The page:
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Tuesday, October 20, 2009

Voting Rights and Partisan Politics

The Washington Times reports from Kinston, North Carolina:
Voters in this small city decided overwhelmingly last year to do away with the party affiliation of candidates in local elections, but the Obama administration recently overruled the electorate and decided that equal rights for black voters cannot be achieved without the Democratic Party. The Justice Department's ruling, which affects races for City Council and mayor, went so far as to say partisan elections are needed so that black voters can elect their "candidates of choice" - identified by the department as those who are Democrats and almost exclusively black.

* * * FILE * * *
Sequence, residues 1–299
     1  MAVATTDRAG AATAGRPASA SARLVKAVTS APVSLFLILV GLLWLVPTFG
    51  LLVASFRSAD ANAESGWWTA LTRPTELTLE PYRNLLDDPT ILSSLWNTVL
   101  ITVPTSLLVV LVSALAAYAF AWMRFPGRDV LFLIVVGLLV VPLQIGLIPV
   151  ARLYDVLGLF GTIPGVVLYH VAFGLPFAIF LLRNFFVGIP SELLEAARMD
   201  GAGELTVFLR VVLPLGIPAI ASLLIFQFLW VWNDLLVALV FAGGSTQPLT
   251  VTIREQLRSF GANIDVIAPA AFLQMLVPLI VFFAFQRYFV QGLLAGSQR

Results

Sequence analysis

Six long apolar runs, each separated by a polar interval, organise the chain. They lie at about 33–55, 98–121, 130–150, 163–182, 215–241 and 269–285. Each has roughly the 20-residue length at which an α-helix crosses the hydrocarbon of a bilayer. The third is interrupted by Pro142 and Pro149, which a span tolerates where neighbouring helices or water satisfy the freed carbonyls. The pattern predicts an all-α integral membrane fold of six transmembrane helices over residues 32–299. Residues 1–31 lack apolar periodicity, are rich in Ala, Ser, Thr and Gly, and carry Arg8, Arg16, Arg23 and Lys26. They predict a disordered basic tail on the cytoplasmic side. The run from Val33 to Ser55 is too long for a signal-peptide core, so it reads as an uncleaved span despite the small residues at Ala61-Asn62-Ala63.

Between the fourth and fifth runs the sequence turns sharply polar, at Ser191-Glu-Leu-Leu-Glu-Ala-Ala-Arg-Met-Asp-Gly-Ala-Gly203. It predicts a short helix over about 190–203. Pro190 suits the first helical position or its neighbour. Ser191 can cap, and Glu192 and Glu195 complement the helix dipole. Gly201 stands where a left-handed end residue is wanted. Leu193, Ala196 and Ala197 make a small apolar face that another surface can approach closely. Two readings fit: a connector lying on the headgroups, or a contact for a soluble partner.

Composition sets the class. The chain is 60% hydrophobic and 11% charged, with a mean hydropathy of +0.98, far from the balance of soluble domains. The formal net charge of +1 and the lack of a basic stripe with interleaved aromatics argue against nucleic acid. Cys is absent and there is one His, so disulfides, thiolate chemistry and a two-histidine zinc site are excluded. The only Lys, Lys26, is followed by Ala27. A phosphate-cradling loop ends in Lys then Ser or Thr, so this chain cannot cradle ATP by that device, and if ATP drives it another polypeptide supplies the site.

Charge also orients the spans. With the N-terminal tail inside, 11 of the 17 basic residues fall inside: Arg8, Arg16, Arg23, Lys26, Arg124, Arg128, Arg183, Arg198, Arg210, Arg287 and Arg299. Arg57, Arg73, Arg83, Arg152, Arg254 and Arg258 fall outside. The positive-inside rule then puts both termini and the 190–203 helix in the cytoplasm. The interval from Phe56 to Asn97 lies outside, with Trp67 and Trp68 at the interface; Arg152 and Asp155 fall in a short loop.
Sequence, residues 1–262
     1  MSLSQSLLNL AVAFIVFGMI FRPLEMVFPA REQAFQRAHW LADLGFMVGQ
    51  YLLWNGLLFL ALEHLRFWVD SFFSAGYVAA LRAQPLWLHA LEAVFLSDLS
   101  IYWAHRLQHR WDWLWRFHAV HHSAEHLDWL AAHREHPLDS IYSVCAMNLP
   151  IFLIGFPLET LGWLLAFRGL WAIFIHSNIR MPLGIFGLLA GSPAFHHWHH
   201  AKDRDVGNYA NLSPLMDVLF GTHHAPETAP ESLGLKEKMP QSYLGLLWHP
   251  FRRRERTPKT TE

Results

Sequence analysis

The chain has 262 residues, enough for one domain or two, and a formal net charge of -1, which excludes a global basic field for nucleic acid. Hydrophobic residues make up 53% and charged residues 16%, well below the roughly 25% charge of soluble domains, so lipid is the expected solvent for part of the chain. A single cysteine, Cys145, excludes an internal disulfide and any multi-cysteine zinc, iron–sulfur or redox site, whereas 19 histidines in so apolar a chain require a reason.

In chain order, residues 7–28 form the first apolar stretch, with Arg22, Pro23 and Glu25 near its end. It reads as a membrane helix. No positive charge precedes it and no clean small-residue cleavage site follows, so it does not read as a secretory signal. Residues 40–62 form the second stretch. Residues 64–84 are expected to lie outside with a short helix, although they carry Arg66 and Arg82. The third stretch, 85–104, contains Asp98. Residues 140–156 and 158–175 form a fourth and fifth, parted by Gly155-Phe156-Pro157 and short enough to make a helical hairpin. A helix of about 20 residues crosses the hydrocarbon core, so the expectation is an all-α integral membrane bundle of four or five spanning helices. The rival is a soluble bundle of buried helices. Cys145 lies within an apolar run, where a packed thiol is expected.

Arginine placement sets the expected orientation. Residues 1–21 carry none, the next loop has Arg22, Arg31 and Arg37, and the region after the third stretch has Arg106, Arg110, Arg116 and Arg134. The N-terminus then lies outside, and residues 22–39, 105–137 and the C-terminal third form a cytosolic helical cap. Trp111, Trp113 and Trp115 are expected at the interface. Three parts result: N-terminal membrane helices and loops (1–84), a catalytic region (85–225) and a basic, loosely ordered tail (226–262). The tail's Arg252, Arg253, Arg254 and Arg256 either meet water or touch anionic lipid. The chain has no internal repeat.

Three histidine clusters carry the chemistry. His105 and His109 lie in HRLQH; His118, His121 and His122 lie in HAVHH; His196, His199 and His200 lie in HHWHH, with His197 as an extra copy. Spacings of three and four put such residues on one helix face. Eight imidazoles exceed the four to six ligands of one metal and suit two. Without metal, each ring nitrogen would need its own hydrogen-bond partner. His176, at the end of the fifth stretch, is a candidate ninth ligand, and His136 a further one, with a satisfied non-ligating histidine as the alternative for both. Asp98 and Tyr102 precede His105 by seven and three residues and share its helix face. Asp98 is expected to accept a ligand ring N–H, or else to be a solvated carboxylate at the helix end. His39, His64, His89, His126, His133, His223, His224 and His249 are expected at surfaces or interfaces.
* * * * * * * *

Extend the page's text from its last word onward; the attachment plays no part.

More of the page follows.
In an August letter, the Department explained its reasoning:
[The] elimination of party affiliation on the ballot will likely reduce the ability of blacks to elect candidates of choice. Black candidates will likely lose a significant amount of crossover votes due to the high degree of racial polarization present in city elections. Without party loyalty available to counter-balance the consistent trend of racial bloc voting, blacks will face greater difficulty winning general elections. Our analysis of election returns indicates that cross-over voting is greater in partisan general elections than in the closed primaries. Thus, statistical analysis supports the conclusion that given a change to a non-partisan elections, black preferred candidates will receive fewer white cross-over votes.

At the conservative Heritage Foundation, Hans Von Spakovsky writes: "The DOJ is improperly using the Voting Rights Act to guarantee that Democratic candidates win elections, rather than using it as intended to ensure that minority voters have the same opportunity as other voters to get to the polls and elect their candidate of choice."